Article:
Surely the only advice needed can be boiled down to something like: Write clear sentences whose meaning YOU understand. Don’t include personal feelings or beliefs unless specifically asked to. If something is unproven or unclear then say so. And above all, support your assertions, theories and claims with clearly-sourced evidence.

    Liked by 1 person

  5. Speaks my mind! My research interest is exactly stance in academic writing… I still find it annoying to hear people say academic writing SHOULD be objective and lots of ‘hedges’. Some best writing in my dataset is assertive and authoritative (with ‘I’s and ‘we’s). How does one negotiate his/her knowledge without display stance?

    Thanks for your post!

    Liked by 1 person

  6. Spot on as usual, Pat! So many social scientists should take notice 😉

    Liked by 1 person

  7. Richard Whitecross says:

    Love this post. I am an oddity in my department. I encourage students to take a position and defend it. I do nt penalise for first petson but caution it as they do other courses. My feedback was generally liked for being individual…though maybe not by those who did nt get the grade they like. But working with my doctoral students I find myself focussing on helping them write..not analyse, but write. It has caused tension and I have found it really hard.because as a dyslexic academic it always feels a bit rich to comment on writing…yet I found myself feeling better in myself after reading this post. So thank you.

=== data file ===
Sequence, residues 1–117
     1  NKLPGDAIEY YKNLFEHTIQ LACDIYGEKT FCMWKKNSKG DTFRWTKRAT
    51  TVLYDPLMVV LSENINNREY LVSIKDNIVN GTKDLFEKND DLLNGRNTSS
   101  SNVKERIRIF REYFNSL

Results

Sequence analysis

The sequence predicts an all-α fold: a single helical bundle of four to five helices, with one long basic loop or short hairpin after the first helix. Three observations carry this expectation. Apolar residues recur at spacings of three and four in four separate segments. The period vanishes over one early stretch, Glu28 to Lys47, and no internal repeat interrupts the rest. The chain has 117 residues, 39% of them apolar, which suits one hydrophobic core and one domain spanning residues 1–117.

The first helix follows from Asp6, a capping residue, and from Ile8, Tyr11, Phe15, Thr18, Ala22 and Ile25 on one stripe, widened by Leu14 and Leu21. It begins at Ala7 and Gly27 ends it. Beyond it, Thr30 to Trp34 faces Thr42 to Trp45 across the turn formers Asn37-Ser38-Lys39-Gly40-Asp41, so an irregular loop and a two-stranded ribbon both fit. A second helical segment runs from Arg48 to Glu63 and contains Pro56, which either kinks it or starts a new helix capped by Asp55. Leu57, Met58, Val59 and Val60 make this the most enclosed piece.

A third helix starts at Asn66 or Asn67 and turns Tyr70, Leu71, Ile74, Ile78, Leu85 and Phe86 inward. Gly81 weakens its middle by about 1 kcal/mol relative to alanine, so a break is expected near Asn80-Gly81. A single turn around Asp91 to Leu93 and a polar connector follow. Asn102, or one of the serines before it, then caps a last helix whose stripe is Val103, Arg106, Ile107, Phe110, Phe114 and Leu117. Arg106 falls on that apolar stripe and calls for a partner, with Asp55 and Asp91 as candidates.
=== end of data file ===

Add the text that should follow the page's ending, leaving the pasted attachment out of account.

8. tlizzy says:

    Reblogged this on My Little bit of serenity and commented:
    need this for my uni course. thanks


  9. Richard Lyon says:

    Excellent advice. I also believe all students should read George Orwell’s essay “Politics and the English Language.”

    Liked by 2 people


    It was so liberating to read this. Here in Sweden there is a widespread unspoken rule in academia that one should NOT take a position and defend it with sound arguments, as it was said above, but to approach two different sides of a discussion highlighting their pros and cons as if they weighed exactly the same. An example: even if you are a well-informed GMO critic sitting on tons of evidence against it, you must tone your criticism down and include criticism of organic production as well, at the same time that you bring up the “benefits” of GMO in order to make it look like the very opposite sides of this matter stand on completely equal grounds, creating a false symmetry. I believe that this way of writing is not only boring and lacking in style but also politically dangerous. Unfortunately, pretty much the whole of Sweden believes in the neutrality unicorn and the academic environment is no exception.

    Liked by 1 person